But the Golden Age of the Code Duello in Georgia was the period extending from 1800 to 1830, when the public life of this State was dominated by two powerful personalities: Gen. John Clark and Hon. William H. Crawford. – Lucian Lamar Knight in volume two of Georgia's Landmarks, Memorials and Legends (pub. 1914).
The duel between William H. Crawford and Peter L. Van Allen requires a bit of backstory regarding politics in Georgia. (Go here for a short overview of dueling, with specifics to Georgia.)
John Clark, son of famed Revolutionary soldier Elijah Clark/e, was all about the common man. He was born in North Carolina, but was settled early on with his family in northeast Georgia. John Clark's rise in politics stemmed from his early and consistent rise in the military. By the age of sixteen, he was a captain in the Georgia militia and fought in many engagements alongside his father on the Georgia frontier.
Trained in the exercise of arms, it is not strange that he should have carried his characteristics as a fighter into the arena of politics; nor is it strange that the veterans who followed his distinguished father and who knew John Clark himself in the perilous days of battle should have remained his loyal supporters to the very last.
Though not an educated man, at least in the academic sense, he was a man of strong intellect, rugged in character, somewhat blunt of expression, full of bold initiative, and with a rare capacity for leadership.
Most of John Clark's followers were immigrants from North Carolina and settlers of frontier Georgia.
William Harris Crawford, on the other hand, led the more "aristocratic" faction. He was born 1772 in Virginia, was settled at Richmond (later Columbia) County, Georgia by age eleven, and was practicing law by age twenty-seven. David Tucker, in his article for the New Georgia Encyclopedia, says the following:
William Crawford aspired to live the life of a country gentleman, but he would not get the chance to do so until the end of his career. In the meantime he gradually added to his landholdings at Woodlawn [his estate] and became the overseer of a good-sized plantation. By 1834 he owned 1,300 acres and forty-five slaves.
Leading the plantation owners and residents of the more affluent, established Georgia, Crawford was against "gross land speculation" and the Yazoo Land Act. This was in direct opposition of John Clark.
The elimination of Crawford became naturally the first strategic move of the Clark faction; and to accomplish this end a duel offered the most convenient instrument and promised the most effective results.
Mr. Crawford, unlike Gen. Clark, possessed little knowledge of the use of arms…For this reason, his opponents argued that he would, in all likelihood, decline a challenge to the field of combat. In fact, such a refusal to fight was exactly what his enemies wanted, since they could then post him as a coward and easily accomplish his political undoing. [L. L. Knight]
Enter Peter Van Allen. Though a New Yorker by birth, Van Allen came to Georgia to practice law. He was a staunch "Clarkite" and supporter of the Yazoo Act. In the very early 1800s, Van Allen began "hostile tactics" to discredit Crawford. He did this by going after a long-time friend, law partner, and ally of Crawford, Judge Charles Tait. The short of the story is Van Allen baited Tait hard with criticism and "merciless satire" – needling him to the point to which Tait challenged Van Allen to a fight. Van Allen then attempted a shot in the dark to get to Crawford. He claimed Tait was not a gentleman, nor worthy of the Code of Honor by which all duels are "ruled," and refused to meet him. With this, Van Allen expected Crawford (who would surely have been Tait's "second" for the duel) to "carry on hostilities." Crawford did not take the bait, though he did receive some jeers from members of his own faction.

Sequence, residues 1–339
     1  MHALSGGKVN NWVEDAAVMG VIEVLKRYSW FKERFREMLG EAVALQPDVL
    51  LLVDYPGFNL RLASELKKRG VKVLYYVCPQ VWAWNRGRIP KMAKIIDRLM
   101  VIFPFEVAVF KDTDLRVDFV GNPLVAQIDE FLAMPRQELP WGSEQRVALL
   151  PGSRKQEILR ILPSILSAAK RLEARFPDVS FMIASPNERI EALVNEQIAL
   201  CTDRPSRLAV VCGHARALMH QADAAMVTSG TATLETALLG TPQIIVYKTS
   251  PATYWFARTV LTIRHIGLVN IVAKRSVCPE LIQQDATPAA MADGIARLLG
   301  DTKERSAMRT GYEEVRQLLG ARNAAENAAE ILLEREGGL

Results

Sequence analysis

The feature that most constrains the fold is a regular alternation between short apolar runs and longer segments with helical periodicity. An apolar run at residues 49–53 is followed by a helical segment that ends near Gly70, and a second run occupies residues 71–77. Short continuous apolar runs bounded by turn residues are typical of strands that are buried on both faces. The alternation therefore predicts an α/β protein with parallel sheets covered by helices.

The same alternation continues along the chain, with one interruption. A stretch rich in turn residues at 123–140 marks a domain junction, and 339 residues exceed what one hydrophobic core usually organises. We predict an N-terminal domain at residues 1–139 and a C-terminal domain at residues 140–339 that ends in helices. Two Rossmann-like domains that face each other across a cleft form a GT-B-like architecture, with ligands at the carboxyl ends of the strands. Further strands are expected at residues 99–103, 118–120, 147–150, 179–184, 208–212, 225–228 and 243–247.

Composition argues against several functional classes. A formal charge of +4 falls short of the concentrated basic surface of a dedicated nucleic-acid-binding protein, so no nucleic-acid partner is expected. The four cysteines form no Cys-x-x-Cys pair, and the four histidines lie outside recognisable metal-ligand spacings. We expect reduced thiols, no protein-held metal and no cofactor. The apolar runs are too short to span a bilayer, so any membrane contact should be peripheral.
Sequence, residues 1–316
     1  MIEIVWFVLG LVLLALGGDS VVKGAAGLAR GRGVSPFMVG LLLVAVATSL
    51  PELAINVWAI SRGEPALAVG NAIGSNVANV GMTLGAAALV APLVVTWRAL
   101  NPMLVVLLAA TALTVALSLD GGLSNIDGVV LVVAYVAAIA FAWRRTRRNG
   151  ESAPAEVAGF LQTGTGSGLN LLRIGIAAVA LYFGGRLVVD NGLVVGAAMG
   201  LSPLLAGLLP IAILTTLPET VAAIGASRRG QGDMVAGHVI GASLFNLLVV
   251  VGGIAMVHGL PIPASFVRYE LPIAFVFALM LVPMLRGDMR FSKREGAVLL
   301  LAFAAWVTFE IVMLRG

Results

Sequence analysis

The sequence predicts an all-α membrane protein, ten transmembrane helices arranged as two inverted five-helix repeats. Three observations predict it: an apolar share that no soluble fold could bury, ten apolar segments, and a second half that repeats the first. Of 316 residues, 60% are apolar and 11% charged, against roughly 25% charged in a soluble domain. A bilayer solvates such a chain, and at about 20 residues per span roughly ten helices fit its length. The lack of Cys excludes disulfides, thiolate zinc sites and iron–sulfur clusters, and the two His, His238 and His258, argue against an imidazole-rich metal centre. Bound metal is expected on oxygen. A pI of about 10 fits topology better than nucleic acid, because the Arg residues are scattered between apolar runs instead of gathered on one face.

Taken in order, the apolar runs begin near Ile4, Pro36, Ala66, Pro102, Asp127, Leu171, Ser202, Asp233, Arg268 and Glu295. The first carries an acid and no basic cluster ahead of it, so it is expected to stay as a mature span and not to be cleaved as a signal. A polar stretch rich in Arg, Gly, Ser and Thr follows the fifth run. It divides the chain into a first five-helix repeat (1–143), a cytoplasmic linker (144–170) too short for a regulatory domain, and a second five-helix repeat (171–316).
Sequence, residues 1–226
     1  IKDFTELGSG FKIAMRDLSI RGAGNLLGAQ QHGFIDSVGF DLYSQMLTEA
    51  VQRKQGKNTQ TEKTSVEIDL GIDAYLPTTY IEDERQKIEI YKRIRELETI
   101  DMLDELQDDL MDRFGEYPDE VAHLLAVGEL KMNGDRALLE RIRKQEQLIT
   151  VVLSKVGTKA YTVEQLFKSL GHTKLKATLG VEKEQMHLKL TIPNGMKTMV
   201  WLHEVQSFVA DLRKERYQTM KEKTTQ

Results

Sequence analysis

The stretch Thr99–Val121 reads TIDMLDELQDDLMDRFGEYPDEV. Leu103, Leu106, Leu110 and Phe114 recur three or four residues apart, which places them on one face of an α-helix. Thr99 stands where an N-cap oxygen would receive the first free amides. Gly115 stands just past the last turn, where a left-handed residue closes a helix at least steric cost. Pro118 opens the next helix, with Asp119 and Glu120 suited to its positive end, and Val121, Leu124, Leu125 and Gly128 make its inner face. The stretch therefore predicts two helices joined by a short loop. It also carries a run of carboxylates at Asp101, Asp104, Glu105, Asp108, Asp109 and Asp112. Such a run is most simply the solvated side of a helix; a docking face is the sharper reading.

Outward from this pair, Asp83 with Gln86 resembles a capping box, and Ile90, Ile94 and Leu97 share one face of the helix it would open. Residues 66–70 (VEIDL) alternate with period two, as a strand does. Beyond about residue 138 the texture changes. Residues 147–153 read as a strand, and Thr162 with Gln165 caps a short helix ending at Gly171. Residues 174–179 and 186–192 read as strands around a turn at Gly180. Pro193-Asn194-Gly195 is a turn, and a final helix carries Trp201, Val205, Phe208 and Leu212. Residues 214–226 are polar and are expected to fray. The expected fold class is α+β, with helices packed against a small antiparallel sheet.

Some time later, Crawford and Van Allen happened upon each other "at the Willis Hotel, in Washington, Ga." Van Allen took the direct approach and publicly berated Crawford in the lobby and challenged him to a fight.
According to the imperious standard of the times, there was no alternative for Mr. Crawford; and, rather than jeopardize his political fortunes by exposing himself to the charge of cowardice, he agreed to meet his antagonist. [L. L. Knight]
Crawford and Van Allen were to meet at "Fort Charlotte, the famous old duelling [sic] ground, twelve miles below Petersburg, on the Carolina side." (Now under the waters of Clarks Hill Lake.) It has been said that Crawford was ill prepared, and had to borrow an old set of pistols for the fight. The rest is told in a Spooner's Vermont Journal article dated 5 October 1802 (viewed online at GenealogyBank):
On Saturday the 31ft July, about 11-o'clock, a duel was fought on the eaft bank of Savannah river, between Peter L. Van Allen, Efq. Solicitor general, and W. H. Crawford, Attorney at law. – They exchanged two fires; the firft was without effect, but the fecond was fatal to the Solicitor. He received a ball about two inches above his right hip, it paffed thro' the Abdomen and lodged againft his left hip bone, from whence it was extracted on the ground. He lived about 38 hours.
Crawford was thrust into the limelight and rose even higher in the political ranks, probably much to the disappointment of John Clark. The two were to be bitter rivals for more than two decades.